The Backpage Literary Review: The Very Hungry Caterpillar


Arne Grette, Backpage Editor

Hitler’s armies rolling through Europe. A bumbling green caterpillar eating everything in sight. No connection, right? Think again, sheeple.
It takes a refined literary critic to be able to see past the surface-level story of The Very Hungry Caterpillar, recognizing it as the work of historical allegory it truly is.
See, in 1938, Germany was very hungry. After being bankrupted by the Treaty of Versailles, its people and economy needed room to grow. The economic conditions and political anger in Germany at the time provided the perfect opportunity for a new caterpillar in town, and so a group of radicals laid an ideological egg to be hatched.
As Eric Carle puts it, in the 1930’s, “out of the egg came a tiny and very hungry caterpillar.” The “hunger” alluded to by Carle illustrates the Nazi concept of Lebensraum, the idea that Germany needed to expand for land and resources in order to reach its peak potential as the new world order.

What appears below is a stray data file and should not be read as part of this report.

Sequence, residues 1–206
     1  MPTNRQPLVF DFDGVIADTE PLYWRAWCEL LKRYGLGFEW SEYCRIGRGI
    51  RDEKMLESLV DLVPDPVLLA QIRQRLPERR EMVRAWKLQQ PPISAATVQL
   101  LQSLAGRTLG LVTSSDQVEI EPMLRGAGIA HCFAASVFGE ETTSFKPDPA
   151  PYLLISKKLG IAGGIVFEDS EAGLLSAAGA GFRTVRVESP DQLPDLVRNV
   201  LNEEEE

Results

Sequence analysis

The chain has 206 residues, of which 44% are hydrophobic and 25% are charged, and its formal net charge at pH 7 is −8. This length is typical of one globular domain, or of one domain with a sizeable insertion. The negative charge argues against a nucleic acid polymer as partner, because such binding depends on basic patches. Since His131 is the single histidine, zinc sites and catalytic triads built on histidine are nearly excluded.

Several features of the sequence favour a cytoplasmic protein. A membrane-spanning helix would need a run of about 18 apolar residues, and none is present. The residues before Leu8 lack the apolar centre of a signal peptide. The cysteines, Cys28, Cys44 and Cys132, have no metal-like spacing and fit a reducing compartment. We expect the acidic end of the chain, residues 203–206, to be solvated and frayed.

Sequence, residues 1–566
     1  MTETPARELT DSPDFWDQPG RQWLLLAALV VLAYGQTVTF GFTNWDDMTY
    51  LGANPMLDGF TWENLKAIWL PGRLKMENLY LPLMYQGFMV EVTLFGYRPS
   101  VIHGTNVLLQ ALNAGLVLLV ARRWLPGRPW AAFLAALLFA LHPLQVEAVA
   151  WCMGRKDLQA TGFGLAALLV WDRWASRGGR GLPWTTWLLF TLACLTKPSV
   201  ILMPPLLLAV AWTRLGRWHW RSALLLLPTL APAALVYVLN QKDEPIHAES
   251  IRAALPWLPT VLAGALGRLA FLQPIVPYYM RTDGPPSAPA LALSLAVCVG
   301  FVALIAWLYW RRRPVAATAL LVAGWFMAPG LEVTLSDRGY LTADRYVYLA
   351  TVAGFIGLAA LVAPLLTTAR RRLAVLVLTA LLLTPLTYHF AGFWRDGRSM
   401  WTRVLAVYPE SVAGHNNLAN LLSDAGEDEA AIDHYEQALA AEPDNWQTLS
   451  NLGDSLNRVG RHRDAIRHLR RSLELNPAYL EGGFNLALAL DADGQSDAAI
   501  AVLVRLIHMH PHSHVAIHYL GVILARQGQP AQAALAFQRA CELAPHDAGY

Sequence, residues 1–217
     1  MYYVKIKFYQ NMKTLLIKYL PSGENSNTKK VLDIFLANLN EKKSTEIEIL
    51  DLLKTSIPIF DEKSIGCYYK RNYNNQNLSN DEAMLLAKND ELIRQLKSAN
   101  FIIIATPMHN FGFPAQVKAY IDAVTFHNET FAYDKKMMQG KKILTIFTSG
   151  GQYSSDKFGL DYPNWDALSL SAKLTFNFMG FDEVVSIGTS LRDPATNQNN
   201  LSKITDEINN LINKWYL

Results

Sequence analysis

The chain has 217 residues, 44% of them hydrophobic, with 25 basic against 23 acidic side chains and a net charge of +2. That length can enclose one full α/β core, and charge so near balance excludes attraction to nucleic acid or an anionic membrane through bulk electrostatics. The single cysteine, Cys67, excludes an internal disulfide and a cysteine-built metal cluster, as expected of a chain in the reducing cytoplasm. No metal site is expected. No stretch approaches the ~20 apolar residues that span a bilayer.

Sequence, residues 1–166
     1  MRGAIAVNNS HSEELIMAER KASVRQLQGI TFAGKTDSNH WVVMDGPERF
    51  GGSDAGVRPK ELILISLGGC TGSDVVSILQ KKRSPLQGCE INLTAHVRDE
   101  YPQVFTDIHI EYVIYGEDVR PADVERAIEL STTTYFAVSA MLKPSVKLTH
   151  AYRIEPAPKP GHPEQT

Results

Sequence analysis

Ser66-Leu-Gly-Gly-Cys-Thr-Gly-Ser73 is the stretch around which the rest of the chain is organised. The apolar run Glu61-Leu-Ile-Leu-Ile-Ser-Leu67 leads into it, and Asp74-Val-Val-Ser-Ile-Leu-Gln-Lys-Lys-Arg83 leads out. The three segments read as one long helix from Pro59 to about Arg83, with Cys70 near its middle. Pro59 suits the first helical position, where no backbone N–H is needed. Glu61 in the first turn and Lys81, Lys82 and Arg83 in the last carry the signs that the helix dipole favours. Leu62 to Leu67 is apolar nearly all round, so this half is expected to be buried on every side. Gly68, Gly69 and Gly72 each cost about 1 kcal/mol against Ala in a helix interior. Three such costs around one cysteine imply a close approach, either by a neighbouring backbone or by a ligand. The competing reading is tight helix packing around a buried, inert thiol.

Here is where Carle begins to provide a timeline of events in Nazi Germany’s conquest. “On Monday, he ate through on apple,” referring to the nutritious annexation of neighboring Austria.
But, as Carle details by continuing the analogy of Nazi Germany as a Caterpillar, “he was still hungry.”
The timeline continues. The metaphorical caterpillar eats ravenously through “two pears” (two successive parts of Czechoslovakia), “three plums” (Poland, Denmark, and Norway), “four strawberries” (Netherlands, Belgium, Luxembourg, France) and on and on, connecting a specific fruit to each country to explain its strategic value to the Nazis.
But by now, the German empire had grown too large (“a big, fat caterpillar,” as Carle puts it). It’s growth was unsustainable. He describes Germany’s retreat in order to defend Berlin as that Hitler “built a small house, called a cocoon, around himself. He stayed inside for more than two weeks.”
Carle asserts that it was the right decision for Germany to retreat and surrender, noting that what emerged from the “cocoon” of Nazi Germany’s retreat was “a beautiful butterfly”, a peaceful symbol contrasting the years of war and destruction prior.